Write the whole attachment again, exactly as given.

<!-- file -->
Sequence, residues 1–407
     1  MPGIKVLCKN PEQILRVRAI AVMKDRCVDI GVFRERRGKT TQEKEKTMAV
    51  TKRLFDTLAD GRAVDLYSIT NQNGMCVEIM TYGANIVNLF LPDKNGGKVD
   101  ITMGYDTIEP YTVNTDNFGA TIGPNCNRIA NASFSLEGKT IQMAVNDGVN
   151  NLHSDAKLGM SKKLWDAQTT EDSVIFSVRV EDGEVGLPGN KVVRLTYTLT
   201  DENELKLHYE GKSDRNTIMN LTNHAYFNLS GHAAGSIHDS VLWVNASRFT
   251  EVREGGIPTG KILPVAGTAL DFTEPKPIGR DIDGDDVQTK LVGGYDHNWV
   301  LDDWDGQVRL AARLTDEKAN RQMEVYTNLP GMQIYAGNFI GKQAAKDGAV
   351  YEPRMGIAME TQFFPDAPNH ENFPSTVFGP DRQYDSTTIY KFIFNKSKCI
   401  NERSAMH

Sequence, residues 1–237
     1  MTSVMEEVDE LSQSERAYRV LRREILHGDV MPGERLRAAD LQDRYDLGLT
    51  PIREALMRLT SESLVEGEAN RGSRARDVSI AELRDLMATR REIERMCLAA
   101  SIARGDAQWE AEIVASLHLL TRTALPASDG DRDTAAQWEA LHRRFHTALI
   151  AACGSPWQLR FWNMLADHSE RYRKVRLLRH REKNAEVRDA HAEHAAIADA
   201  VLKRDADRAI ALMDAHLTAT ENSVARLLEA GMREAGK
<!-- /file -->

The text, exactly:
Sequence, residues 1–407
     1  MPGIKVLCKN PEQILRVRAI AVMKDRCVDI GVFRERRGKT TQEKEKTMAV
    51  TKRLFDTLAD GRAVDLYSIT NQNGMCVEIM TYGANIVNLF LPDKNGGKVD
   101  ITMGYDTIEP YTVNTDNFGA TIGPNCNRIA NASFSLEGKT IQMAVNDGVN
   151  NLHSDAKLGM SKKLWDAQTT EDSVIFSVRV EDGEVGLPGN KVVRLTYTLT
   201  DENELKLHYE GKSDRNTIMN LTNHAYFNLS GHAAGSIHDS VLWVNASRFT
   251  EVREGGIPTG KILPVAGTAL DFTEPKPIGR DIDGDDVQTK LVGGYDHNWV
   301  LDDWDGQVRL AARLTDEKAN RQMEVYTNLP GMQIYAGNFI GKQAAKDGAV
   351  YEPRMGIAME TQFFPDAPNH ENFPSTVFGP DRQYDSTTIY KFIFNKSKCI
   401  NERSAMH

Sequence, residues 1–237
     1  MTSVMEEVDE LSQSERAYRV LRREILHGDV MPGERLRAAD LQDRYDLGLT
    51  PIREALMRLT SESLVEGEAN RGSRARDVSI AELRDLMATR REIERMCLAA
   101  SIARGDAQWE AEIVASLHLL TRTALPASDG DRDTAAQWEA LHRRFHTALI
   151  AACGSPWQLR FWNMLADHSE RYRKVRLLRH REKNAEVRDA HAEHAAIADA
   201  VLKRDADRAI ALMDAHLTAT ENSVARLLEA GMREAGK